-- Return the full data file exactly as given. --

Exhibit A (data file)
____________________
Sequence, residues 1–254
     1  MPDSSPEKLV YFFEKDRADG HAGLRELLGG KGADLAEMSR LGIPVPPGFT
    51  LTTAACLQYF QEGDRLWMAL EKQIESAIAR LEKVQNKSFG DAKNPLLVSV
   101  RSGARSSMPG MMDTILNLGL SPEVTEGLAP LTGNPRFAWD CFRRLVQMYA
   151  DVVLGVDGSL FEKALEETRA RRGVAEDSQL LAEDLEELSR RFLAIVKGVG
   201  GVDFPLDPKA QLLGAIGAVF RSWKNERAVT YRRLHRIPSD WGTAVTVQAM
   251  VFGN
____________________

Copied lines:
Sequence, residues 1–254
     1  MPDSSPEKLV YFFEKDRADG HAGLRELLGG KGADLAEMSR LGIPVPPGFT
    51  LTTAACLQYF QEGDRLWMAL EKQIESAIAR LEKVQNKSFG DAKNPLLVSV
   101  RSGARSSMPG MMDTILNLGL SPEVTEGLAP LTGNPRFAWD CFRRLVQMYA
   151  DVVLGVDGSL FEKALEETRA RRGVAEDSQL LAEDLEELSR RFLAIVKGVG
   201  GVDFPLDPKA QLLGAIGAVF RSWKNERAVT YRRLHRIPSD WGTAVTVQAM
   251  VFGN